The Tool tab has an additional icon called Image Reader.  This is an additional  OCR and hardware product to read hardcopy documents.  I think my Abbyy OCR software and scanner could provide similar function.

Since I chose the default setting during the installation, I wanted to bring up the setup wizard to see what options were set.  The setup wizard is a new choice under the settings on the menu bar.  The setup wizard let you set the most common options for magnifier, reader, and tools in few screens.  Alternatively, you can do the same setting and more under each tab.  After revewing the settings and changing some to my liking, I want to look at what's new under the Fusion tab.  Clicking the Fusion tab would bring up the following Fusion tool bar which contain 3 groups.

Fusion Tool Bar

 
Settings: this icon would bring up the Window-Eyes 9.2 control panel.  The control panel contains many screen reading advanced options that are all new to me. Pressing PF1 key would bring up the window-Eyes user manual which has description for all the options.  I think I have to read through this manual in order to use the screen reader.

BrowserMode :  turn on or off automatic browser mode while on the web.  If you click on an input field like in a form, it would turn off the browser mode so you can enter data.  You can also manually turn off browser mode by pressing insert + z keys.

PageNav : pressing this icon while on a web page would list all the headings, links, and landmarks on that web page.  I think the Web Finder on the magnifier tool bar provides the similar  function.

TutorMode:  provide voice guide while you running application.  The amount of guidance is depended on the verbosity setting. For this quick look, I turned on the beginner level and checked many boxes on the verbosity setting for web. 

LearnCtr: contains online tutorial on various ZT Fusion topics such as magnifier, screen reader, web page, Microsoft office.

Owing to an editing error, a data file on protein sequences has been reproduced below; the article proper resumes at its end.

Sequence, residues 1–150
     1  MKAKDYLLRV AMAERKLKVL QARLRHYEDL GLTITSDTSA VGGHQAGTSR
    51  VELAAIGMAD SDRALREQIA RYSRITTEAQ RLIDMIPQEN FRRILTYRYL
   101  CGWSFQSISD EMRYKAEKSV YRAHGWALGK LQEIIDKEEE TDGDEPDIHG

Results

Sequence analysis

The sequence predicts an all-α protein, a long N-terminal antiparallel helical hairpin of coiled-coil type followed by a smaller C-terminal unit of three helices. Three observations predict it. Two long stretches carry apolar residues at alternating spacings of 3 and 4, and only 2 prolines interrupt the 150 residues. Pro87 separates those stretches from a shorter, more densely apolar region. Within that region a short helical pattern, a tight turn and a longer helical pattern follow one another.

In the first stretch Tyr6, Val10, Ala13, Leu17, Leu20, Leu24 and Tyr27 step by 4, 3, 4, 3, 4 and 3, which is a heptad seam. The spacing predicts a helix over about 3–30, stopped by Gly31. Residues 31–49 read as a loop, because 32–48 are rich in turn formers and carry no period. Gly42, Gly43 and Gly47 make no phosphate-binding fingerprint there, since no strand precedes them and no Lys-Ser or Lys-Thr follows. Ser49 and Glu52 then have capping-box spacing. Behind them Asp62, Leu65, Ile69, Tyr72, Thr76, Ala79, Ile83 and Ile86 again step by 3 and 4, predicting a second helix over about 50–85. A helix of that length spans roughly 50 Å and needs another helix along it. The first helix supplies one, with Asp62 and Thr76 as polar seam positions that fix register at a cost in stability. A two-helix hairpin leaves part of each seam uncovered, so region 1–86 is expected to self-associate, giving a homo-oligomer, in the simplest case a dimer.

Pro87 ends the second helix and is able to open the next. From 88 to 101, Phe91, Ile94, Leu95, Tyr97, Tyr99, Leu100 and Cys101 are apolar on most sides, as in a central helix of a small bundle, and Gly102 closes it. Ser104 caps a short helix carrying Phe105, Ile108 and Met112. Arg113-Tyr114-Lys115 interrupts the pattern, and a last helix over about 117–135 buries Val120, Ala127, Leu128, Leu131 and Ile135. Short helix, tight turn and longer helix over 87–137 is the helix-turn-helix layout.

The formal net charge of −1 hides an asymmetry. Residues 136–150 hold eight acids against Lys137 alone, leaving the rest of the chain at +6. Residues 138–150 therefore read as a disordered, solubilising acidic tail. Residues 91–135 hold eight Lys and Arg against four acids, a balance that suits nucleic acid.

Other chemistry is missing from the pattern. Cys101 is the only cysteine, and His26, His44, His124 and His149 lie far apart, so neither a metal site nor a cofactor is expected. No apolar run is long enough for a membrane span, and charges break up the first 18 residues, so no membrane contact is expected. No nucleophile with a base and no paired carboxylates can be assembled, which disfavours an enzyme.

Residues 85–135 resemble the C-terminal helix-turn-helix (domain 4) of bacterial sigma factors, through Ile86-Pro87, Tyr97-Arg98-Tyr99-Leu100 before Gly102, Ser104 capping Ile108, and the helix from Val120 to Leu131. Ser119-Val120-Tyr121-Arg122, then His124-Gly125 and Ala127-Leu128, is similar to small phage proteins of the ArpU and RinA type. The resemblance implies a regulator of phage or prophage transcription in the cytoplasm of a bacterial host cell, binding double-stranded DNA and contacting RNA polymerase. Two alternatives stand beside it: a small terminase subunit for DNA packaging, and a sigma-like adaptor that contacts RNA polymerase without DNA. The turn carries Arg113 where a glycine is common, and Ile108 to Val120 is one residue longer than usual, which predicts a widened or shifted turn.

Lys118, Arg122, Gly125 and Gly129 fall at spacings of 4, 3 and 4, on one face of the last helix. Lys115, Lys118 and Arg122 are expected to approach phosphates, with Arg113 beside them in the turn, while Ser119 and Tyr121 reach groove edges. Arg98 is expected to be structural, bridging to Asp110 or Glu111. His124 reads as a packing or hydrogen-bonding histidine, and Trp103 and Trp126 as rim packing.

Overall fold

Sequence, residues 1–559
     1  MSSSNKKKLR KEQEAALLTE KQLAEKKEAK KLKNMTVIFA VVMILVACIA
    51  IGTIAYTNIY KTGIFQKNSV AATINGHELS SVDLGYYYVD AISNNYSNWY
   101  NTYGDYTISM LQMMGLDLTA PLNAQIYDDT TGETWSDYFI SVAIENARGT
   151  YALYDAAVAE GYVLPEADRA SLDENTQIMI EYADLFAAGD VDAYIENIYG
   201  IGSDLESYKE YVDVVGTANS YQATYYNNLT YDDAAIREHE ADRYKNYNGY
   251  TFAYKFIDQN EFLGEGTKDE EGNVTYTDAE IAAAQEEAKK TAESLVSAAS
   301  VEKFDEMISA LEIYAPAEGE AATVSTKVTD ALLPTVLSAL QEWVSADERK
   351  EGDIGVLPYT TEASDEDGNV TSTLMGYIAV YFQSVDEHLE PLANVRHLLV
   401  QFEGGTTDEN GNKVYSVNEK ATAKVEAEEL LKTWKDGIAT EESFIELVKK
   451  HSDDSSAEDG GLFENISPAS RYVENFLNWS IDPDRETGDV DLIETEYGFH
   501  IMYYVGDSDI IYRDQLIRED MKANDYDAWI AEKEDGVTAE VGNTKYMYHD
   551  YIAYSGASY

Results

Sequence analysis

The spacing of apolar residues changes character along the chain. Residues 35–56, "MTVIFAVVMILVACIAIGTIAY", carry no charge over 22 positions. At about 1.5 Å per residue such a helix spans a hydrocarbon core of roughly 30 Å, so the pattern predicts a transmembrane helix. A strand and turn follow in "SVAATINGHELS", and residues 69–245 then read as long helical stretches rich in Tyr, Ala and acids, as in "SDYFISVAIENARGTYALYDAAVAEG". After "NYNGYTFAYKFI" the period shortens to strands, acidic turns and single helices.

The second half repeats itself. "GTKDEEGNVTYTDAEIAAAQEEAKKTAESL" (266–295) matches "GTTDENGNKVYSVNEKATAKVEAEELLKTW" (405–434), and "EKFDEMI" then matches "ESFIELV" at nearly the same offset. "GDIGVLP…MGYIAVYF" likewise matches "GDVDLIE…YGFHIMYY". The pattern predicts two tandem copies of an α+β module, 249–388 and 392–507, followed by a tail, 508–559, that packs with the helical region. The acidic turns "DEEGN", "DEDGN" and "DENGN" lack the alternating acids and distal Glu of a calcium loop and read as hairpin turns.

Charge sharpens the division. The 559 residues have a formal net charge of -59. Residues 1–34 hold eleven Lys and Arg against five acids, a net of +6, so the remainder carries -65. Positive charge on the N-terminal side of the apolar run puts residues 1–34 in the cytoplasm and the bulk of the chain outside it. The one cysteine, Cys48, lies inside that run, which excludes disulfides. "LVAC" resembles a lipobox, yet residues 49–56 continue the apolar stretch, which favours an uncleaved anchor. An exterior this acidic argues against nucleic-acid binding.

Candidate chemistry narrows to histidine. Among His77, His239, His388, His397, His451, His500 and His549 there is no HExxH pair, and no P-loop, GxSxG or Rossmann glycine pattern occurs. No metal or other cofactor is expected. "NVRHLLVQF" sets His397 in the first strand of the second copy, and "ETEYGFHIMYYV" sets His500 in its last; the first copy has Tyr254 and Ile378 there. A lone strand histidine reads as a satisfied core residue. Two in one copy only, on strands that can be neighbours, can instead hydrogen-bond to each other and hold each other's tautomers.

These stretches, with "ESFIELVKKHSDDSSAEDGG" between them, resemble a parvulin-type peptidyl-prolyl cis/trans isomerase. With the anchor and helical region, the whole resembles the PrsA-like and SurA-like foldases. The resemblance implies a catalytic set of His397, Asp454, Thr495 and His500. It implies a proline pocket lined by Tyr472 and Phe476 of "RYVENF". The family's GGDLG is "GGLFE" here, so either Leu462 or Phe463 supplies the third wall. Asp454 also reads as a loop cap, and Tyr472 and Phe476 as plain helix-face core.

Pronunciations : offer a way to change the pronounciation of a word to your liking.

OK, let's take ZT Fusion to a spin on the web.  The first website I visited was amazon.com.  The site detected I was using a screen reader and offer a screen reader friendly website at amazon.com/access.  The website didn't offer this option when I was using ZT 10.  Once on the alternate amazon website, ZT Fusion read  out number of links on the home page.  The ZT Fusion turn on browser mode automatically, you can tell because the pointer was changed from an arrow to a pointing finger with arrow keypad symbol.  At this time, you can use the up and down arrow key to move around the webpage or use hotkey shortcut to do the same.

I then tried Fusion with Google Chrome.  The first time I was on the Google home page, it offered a link to turn off the instant search option, which I didn't do.  After couple of search, Fusion crashed saying it had compatibility issue and told me go the browser's advance setting to turn off some options.   

Next, I opened the Thunder Bird mail client.  ZT Fusion told me to use arrow keys to move around in this application.  I was able to read and send email.

Finally I opened a Google Doc.  The document was opened in browser mode.  While in the browser mode, I used arrow keys to move around the page to read.  To edit the document, I pressed insert + z to get into edit mode.  Fusion seem to work fine with Google doc.

After using ZT Fusion for few days, I don't plan to update at this time for the following reasons:



ZT Fusion feature

What’s in for me

Win 10 & touch screen support

Np plan to use Win 10 or touch screen

MS office support

I use  Google Doc

Google Chrome support

I prefer Firefox

Window-Eyes screen reader

Nice to have, but the regular ZT screen reader is OK for my need at this time.  I might use the free NVDA screen reader in the future.

Supposedly easier to use for current ZT magnifier user

Not really, I still have to memorize all those hotkey shortcut just like other full time screen readers.  I like the tutorial mode and the auto browser mode.

Upgrade for $399

Too expensive, I would consider it for $100.